Like most observers, the Chinese government was taken by surprise by the size and intensity of the Taiwan protests to the cross-strait services pact. As my colleague Shannon noted on this blog, late last week China and Taiwan were both still carrying on with cross-strait relations as if the Sunflower Movement had not taken place.
Beijing seems to have finally caught its footing, however, as the beginning of China’s response to the Sunflower Movement is becoming clear.
As the South China Morning Post reports, Chinese officials who deal with Taiwan and cross-strait relations have outlined what appears to be the initial response to the protests by the mainland. First, and most notably, Fan Liqing, a spokeswoman for the State Council’s Taiwan Affairs Office, said at a press conference this week that China is hoping to increase its student exchanges with Taiwan in the wake of the protests.
“We have long encouraged more exchange activities among students on the two sides of the Taiwan Strait and are willing to provide more aid in this area so that young people on both sides can increase their understanding of actual developments in cross-strait relations,” SCMP quoted Fan as saying.
Additionally, Yu Zhengsheng—the Politburo Standing Committee’s (PBSC) fourth ranked official and the PBSC official in charge of the Taiwan issue—hosted a delegation of Taiwanese labor union leaders and called on them to support stronger economic ties with the mainland.
The moves are notable because students and labor unions were two of the key actors in sparking and sustaining the three-week protests that saw the protestors seize the Legislative Yuan and other government buildings. Fan, the spokeswoman from the State Council’s Taiwan Affairs Office, outlined the Chinese government’s thinking on the issue. “We are willing to take a further step to listen to the opinions from various social sectors in Taiwan over cross-strait exchanges and co-operations so that we can allow more Taiwanese people to benefit from the peaceful development of cross-strait relations.”
That China would respond this way to the huge protests against the cross-strait trade services pact isn’t altogether surprising. Even inside China, this is the approach that the government has generally taken to deal with emerging powerful interests. For example, after the economic reforms of the Deng era and the Tiananmen Square protests, the Chinese Communist Party perpetuated its rule by allowing new segments of society to join its ranks inside the Party. This strategy has been extremely successful.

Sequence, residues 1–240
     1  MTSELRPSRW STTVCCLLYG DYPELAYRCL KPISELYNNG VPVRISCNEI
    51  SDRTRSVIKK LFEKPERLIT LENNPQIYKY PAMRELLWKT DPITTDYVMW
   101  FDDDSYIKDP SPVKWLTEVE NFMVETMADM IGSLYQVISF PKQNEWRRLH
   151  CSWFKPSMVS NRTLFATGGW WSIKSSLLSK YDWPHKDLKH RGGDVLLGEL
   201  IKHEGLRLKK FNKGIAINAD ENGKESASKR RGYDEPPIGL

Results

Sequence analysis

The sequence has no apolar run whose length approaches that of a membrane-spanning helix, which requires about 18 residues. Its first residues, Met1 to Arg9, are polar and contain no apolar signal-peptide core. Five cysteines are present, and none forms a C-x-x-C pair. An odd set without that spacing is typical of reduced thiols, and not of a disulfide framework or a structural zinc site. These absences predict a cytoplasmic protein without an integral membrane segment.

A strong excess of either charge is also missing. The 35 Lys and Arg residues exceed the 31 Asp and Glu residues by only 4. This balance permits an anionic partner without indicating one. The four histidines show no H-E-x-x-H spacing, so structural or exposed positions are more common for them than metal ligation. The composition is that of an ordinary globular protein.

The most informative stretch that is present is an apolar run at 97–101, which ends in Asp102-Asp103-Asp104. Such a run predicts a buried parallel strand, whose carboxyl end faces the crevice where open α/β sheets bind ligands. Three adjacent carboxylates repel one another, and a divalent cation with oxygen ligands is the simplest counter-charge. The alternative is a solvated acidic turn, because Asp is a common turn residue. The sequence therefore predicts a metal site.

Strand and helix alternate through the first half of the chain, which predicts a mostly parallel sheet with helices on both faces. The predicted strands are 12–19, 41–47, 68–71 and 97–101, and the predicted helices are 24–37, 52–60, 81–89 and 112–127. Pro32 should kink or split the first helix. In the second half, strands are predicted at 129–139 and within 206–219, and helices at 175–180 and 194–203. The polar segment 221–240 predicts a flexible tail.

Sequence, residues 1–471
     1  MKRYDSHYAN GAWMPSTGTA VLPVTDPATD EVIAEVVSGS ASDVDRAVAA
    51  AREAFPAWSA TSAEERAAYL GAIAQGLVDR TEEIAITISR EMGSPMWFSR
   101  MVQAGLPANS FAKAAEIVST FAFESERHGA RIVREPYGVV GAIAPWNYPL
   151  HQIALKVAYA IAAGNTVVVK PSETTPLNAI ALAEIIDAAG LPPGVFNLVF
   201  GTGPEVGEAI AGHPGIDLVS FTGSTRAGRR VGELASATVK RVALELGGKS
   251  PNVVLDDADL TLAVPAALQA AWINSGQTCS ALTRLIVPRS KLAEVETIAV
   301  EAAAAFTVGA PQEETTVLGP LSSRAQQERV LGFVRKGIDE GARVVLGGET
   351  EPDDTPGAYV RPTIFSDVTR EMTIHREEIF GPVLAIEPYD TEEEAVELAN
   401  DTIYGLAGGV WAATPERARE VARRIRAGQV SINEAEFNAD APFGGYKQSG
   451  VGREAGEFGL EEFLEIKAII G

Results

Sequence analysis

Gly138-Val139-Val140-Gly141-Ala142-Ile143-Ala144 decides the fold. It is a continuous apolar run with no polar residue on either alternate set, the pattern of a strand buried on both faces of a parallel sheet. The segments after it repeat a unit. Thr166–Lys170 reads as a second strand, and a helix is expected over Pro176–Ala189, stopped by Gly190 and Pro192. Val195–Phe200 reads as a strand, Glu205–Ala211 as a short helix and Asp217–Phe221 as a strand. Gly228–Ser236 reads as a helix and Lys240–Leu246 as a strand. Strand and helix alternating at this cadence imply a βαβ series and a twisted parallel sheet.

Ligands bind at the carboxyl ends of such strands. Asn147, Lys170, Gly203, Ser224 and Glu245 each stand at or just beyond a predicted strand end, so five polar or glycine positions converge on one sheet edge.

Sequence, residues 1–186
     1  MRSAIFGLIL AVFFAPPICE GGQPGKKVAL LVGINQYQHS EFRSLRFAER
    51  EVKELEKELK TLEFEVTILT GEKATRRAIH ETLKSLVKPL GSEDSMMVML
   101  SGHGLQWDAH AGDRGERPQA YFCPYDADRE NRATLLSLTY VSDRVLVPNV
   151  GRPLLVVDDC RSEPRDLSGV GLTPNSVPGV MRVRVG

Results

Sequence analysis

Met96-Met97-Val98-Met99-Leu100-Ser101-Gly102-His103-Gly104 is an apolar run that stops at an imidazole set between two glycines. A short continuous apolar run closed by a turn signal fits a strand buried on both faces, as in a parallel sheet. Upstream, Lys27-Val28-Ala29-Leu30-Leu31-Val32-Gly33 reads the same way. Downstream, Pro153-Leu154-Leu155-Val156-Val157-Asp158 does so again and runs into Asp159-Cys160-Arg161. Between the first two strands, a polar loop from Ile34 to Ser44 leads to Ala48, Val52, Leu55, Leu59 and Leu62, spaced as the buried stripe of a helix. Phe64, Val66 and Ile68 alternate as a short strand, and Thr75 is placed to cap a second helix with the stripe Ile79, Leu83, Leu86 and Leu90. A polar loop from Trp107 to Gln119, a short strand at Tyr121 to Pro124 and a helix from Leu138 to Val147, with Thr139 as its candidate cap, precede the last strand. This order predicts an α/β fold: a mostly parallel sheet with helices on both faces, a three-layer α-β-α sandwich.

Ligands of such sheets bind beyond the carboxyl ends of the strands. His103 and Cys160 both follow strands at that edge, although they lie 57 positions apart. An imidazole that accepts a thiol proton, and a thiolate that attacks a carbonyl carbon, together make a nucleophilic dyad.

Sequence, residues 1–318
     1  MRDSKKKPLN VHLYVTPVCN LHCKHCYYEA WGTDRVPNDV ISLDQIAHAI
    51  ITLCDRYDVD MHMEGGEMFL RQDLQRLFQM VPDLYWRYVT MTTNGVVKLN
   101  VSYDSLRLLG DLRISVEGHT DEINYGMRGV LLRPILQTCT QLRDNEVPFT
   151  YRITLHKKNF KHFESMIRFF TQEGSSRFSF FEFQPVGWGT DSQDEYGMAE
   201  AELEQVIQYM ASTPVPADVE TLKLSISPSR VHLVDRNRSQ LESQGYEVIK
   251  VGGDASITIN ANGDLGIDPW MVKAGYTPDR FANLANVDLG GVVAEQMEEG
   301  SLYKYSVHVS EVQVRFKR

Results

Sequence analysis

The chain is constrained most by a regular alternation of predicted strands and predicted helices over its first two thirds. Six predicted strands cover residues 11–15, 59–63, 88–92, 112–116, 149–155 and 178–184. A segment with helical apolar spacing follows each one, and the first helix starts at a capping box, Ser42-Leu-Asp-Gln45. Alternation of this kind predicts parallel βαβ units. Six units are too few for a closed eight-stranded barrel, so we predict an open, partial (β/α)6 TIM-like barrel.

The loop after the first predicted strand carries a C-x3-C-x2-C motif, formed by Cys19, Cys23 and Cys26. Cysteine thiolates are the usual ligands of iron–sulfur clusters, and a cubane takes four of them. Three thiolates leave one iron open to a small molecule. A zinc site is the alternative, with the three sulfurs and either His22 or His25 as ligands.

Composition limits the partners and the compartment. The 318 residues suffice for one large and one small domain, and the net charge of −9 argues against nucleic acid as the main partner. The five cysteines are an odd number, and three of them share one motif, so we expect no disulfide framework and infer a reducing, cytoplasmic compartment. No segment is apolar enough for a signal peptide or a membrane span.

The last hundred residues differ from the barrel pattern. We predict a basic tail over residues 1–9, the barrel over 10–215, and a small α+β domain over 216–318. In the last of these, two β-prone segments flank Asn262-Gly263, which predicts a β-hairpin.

However, I’m not sure the approach is likely to work in this case simply because I don’t think Taiwanese students and labor unions’ opposition to the services pact was born out of their misunderstanding. For example, student leaders were generally calling for greater transparency from the Taiwanese government in its approval of the trade services pact with the mainland. They made this demand despite the fact that the Taiwanese government had held numerous public hearings about the services pact.
Thus, it seems unlikely that Taiwanese students studying in China will make them more amenable to an eventual political unification with the mainland. After all, the Chinese government is hardly known for its transparency, and therefore its control over the government in Taipei would almost certainly make the latter less transparent rather than more so.
Similarly, the labor unions’ opposition to the trade services pact with China stemmed from their fear that the trade deal would negatively impact Taiwanese workers and the labor unions on the island. In general, they are probably right—free trade deals almost never serve to strengthen labor unions. Furthermore, this particular trade pact would’ve allowed Taiwanese firms to invest in more industries on the mainland, which would have allowed some of them to move their businesses from Taiwan to China, where labor costs are far less expensive. More generally, given the sorry state of labor unions on the mainland, it’ll to be tough to convince Taiwan’s labor unions that they would benefit from an eventual unification under the Chinese Communist Party system.
In sum, China’s initial response to the Sunflower Movement is predicated on the notion that the protesters’ grievances were based on a bunch of misunderstandings. This doesn’t seem to be the case, however.